Seth MacFarlane is clearly a Star Trek fan and in a lot of ways that’s the problem. THE ORVILLE feels much more like one of his Family Guy Star Wars parodies than an actual world of its own. But what’s even worse is that Seth feels like he needs to remind us what Star Trek is. In depth talks about alien types and the wonders of the universe are met with a genuine concern, which ironically feels disingenuous: kind of like how someone at work thinks they’re funny, but really they’re just a little less polished. Ed Mercer (Seth MacFarlane) is exactly that.
What’s most glaring about The Orville are its omissions. The lack of jokes is bewildering. Every time I find myself waiting for a punchline, I routinely realize that Ed Mercer thinks his cadence is one. And that’s a problem with most Seth MacFarlane projects – the idea that by simply using misplaced vernacular it’s funny is as ridiculous as someone arguing in favor for a laugh track. It doesn’t actually make anything funny, it just makes the audience think it’s OK to laugh in areas that don’t deserve it. Few things really deserve a laugh on this show save for a handful of disjointed scenes. At no point did I find myself enjoying the characters or the world, because the characters had no character and the world is a bad hand-me-down for a much better show.
Star Trek redefined our possibilities. People are always amazed when they find out Star Trek came before automatic doors. Seriously, that’s true, Star Trek inspired someone to make automatic doors. Don’t thank me, thank the random History Channel special I watched. I don’t expect The Orville to be nearly as influential, but in the absence of jokes I would hope that there is at least some novelty. Whereas in truth every character is, in one way or another, completely analogous to Star Trek counterparts. Bortus is like Worf, Dr. Finn is the lovechild of Bones and Crusher, and Alara Kitan is female Spock. In many ways Ed is exactly like Kirk, to the point that you can’t help but ask yourself, “What’s the point of this show then?” What makes Kirk interesting is that he’s unqualified, but talented, and driven by emotion instead of the rule book. Exactly like Ed. In its worst moments, this show feels the community theater version of the original.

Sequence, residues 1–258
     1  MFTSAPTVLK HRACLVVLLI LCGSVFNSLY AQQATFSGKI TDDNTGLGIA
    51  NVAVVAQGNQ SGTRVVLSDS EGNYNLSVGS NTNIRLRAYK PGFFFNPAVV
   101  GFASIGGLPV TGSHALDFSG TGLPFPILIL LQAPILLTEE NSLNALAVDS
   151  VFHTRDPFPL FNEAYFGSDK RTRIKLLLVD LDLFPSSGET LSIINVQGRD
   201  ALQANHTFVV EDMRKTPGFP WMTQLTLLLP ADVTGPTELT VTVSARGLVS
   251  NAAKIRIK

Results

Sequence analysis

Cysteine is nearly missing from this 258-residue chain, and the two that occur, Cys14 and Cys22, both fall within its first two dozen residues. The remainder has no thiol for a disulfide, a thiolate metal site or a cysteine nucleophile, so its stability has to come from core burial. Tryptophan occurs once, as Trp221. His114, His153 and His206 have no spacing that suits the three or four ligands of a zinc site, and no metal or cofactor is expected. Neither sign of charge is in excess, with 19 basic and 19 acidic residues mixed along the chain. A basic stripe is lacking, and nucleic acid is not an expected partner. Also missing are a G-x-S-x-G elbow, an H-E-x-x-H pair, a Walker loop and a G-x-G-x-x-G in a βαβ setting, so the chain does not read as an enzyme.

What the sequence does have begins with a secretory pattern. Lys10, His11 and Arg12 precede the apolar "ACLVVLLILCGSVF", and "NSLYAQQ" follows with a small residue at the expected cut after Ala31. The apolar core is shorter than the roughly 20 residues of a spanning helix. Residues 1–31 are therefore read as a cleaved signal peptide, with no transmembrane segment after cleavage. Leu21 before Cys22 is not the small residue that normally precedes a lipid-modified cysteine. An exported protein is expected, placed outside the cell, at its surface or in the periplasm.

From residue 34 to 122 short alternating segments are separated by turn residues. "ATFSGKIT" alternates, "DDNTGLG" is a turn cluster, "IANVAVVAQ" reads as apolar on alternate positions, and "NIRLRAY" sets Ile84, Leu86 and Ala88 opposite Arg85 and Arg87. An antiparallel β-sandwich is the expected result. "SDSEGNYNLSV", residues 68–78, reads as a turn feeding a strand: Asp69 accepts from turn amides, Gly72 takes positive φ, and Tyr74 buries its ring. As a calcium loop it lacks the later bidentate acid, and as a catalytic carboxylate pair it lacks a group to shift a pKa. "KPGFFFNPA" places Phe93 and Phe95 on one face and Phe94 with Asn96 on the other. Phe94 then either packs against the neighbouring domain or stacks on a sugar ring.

On the same note, what’s particularly frustrating is that Seth MacFarlane didn’t even bother to use characters that would best fit our society today. Worf and Spock do not give us the insights into the world we live in like Quark. The logical advancement, or adherence to tradition, deeply pales in comparison to American capitalistic greed. If you can make money, it’s worth it, otherwise, leave it. A twisted Quark, almost like a Donald Trump Jr. type of alien schmuck, would’ve been great. Instead we’re left with poor parodies of a show from 50 years ago, then actual commentary on the world we live in today.
But this has always been Seth MacFarlane’s problem, especially when contrasted with Trey Parker/Matt Stone. Trey and Matt will search for the commentary by any means necessary while Seth is a slave to the pop culture. The irreverent pop references are what brought both the rise, and fall, of Family Guy. The Orville isn’t trying to make any points, or even be funny. What it’s trying to do is get a bunch of people interested in watching (or rewatching) old Star Trek episodes. And I know that might sound mean, but I think it’s true. I remember one-time Zack Snyder said of his movie Watchmen, “If it gets people to read the comic book, then I’ve done my job.” He wasn’t trying to make anything better, he knew he couldn’t, and the lack of creativity or hard jokes in The Orville make me worry that Seth MacFarlane is trying to go for the same thing.
The best part about Star Trek is when it would do something you wouldn’t expect. It’s why, for a lot of people, Next Generation is better than the original run. Next Generation built on the foundation of the previous, and gave us characters like Q that had to power to turn the universe – and the narrative – upside down. For some reason, The Orville is convinced it needs to lay that framework down again, instead of taking a page from Next Generation, or even something like the pilot to Rick and Morty, which assumed at a very base level, that the viewer is familiar with either Dr. Who, sci-fi, or both.
I find myself struggling to figure out who this show is for. The soft jokes, coupled with the shoot’em-up scenes, feel like it’s for little kids, but the subject matter is purely adult. Where Family Guy was a cartoon dedicated to middle schoolers and up, a range Seth MacFarlane finds comfort, The Orville seems to skew much to young at times, without having any heart, wonder, or genuine fun.
Pilots are hard. They’re hard to write, and most of them, even on good shows, are bad. It’s a balance of knowing what to introduce and what to commit to, and The Orville does not do that. I wouldn’t jump in saying that this will be a bad show, as there is a lot of room for growth, and if the show becomes commentary in the same American Dad is, there is a lot to look forward to with The Orville. Until then though, we can do nothing but strap in and wait.
Season 1, Episode 1 (So1E01)
The Orville airs Tuesdays at 9PM on Fox
Arman is a Seattle-based writer who often lives in LA and wants to be in New York. He has worked on Billy on The Street and Black-ish. He also loves sandwiches.
Follow Arman on Twitter: @armanbfar
Keep up with all of Arman’s reviews here.
Arman Mohazzabfar | Contributor